But I think the flip side of this being the most over-covered story in the history of jurisprudence is that the audience clearly followed it. And if you look at the cable news shows and you look at the shows that did hour after hour, day after day on Scott Peterson and Amber Frey, and you compare those to the shows during those same time slots that were covering either Darfur or Iraq or other domestic issues, Scott Peterson won every time.

KURTZ: But newspapers -- excuse me, newspapers and magazines, Mike Isikoff, never obsessed on this case the way that cable did and the network morning shows, right?

ISIKOFF: Right. Right. Well, my own private theory is that none of these people actually exist. They were created by cable TV as a reality show to sort of keep ratings up and it just took on a life of its own.

KURTZ: Andrea Peyser, you covered this trial in part.

PEYSER: Yes.

KURTZ: Did you help create an appetite for a trial about a nobody with a mistress and a bad alibi?

PEYSER: Well, you know, once again I can't believe that I'm hearing an audience who's clearly interested in this case for a variety of reasons to be criticized for having an interest in this case. This is what people are interested -- were interested in, in part.

Yes, they're interested in Iraq. And yes, they're interested in Scott Peterson. They're interested to see if a fertilizer salesman, an ordinary man like themselves could have committed the perfect crime.

So I don't think it's right for us to sit here and criticize people for being fascinated with this case.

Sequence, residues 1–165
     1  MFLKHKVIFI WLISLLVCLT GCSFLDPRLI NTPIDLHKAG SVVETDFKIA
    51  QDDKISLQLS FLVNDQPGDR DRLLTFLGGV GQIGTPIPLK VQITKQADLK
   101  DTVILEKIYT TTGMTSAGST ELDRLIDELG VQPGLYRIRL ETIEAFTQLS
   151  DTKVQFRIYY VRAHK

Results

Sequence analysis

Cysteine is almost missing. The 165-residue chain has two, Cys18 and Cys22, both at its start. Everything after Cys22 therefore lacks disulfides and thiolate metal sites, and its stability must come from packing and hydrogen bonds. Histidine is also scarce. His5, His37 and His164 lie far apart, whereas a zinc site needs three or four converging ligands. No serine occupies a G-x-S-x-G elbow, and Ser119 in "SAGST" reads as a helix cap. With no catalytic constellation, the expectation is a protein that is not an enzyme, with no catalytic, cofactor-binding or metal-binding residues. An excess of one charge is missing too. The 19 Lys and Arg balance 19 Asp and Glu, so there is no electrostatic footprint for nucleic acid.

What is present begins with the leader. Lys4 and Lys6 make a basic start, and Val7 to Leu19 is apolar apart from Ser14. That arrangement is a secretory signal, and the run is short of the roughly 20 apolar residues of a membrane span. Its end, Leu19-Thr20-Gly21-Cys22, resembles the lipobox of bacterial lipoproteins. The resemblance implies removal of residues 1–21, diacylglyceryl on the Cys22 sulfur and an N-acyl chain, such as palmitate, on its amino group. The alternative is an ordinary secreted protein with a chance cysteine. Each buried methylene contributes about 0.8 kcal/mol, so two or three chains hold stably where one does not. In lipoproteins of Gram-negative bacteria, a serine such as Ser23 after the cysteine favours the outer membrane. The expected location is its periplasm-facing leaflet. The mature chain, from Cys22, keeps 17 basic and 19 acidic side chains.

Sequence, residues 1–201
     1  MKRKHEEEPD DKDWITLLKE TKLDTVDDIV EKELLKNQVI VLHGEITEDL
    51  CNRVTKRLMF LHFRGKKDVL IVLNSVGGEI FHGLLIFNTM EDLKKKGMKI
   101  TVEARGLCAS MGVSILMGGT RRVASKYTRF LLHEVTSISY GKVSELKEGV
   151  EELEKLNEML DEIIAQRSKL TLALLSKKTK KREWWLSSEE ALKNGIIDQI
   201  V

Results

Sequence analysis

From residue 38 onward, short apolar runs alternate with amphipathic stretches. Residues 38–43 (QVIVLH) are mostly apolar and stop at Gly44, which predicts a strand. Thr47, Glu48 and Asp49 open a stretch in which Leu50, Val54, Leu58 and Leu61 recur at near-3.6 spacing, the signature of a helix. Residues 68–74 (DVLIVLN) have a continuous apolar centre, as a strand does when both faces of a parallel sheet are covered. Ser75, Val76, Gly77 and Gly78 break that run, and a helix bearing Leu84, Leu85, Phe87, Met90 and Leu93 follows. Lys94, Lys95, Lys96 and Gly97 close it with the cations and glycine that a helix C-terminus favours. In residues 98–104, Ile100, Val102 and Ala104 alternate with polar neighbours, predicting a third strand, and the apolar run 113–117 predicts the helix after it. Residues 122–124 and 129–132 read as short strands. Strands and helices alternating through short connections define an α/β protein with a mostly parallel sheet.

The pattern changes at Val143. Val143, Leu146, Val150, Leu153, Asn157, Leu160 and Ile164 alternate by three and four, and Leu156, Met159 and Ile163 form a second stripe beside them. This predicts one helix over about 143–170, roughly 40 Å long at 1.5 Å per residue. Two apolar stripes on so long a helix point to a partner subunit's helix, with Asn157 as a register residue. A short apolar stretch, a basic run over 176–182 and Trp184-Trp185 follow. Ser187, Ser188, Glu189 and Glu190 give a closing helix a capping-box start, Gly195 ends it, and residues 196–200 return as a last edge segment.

There are a lot of other issues, as well. There was the baby, the fetus, as it's sometimes called, who was murdered, was considered a person for this trial.

KURTZ: Right. We've got to go. I'm sure your columns on this were among the more widely read things in the paper.

Andrea Peyser, Michael Isikoff, thanks very much for joining us.

Coming up, The New York Times in the wake of an explosive scandal. We'll talk to Seth Mnookin about his new book.

(COMMERCIAL BREAK)

KURTZ: Welcome back.

It has been a year of rebuilding at The New York Times as the paper seeks to put the damage of the Jayson Blair scandal behind it. But has The Times fully recovered?

Still with us in New York, journalist Seth Mnookin. His new book, "Hard News: The Scandals of The New York Times and Their Meaning for American Media," examines the turmoil that led to last year's ouster of editor Howell Raines.

Seth Mnookin, The New York Times was often criticized under Raines for having a liberal agenda, but yet we hear some of the same complaints under editor Bill Keller in terms of the coverage of the 2004 campaign. Is this fair criticism, or kind of a -- partisan griping?

MNOOKIN: I don't think that the criticism of the 2004 political campaign was fair. I spent a fair amount of time looking at that coverage, and it seemed that, in every example that was thrown at me, The Times had a very good reason for covering the story the way they did.